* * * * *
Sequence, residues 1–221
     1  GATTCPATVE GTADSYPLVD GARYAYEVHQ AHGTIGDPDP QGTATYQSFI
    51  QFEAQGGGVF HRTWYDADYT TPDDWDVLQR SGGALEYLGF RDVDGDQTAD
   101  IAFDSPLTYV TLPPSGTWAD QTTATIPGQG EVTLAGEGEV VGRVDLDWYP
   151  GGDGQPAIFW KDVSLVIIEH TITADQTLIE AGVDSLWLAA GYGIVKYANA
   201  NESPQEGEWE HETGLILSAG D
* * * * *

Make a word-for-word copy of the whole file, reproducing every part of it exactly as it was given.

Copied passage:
Sequence, residues 1–221
     1  GATTCPATVE GTADSYPLVD GARYAYEVHQ AHGTIGDPDP QGTATYQSFI
    51  QFEAQGGGVF HRTWYDADYT TPDDWDVLQR SGGALEYLGF RDVDGDQTAD
   101  IAFDSPLTYV TLPPSGTWAD QTTATIPGQG EVTLAGEGEV VGRVDLDWYP
   151  GGDGQPAIFW KDVSLVIIEH TITADQTLIE AGVDSLWLAA GYGIVKYANA
   201  NESPQEGEWE HETGLILSAG D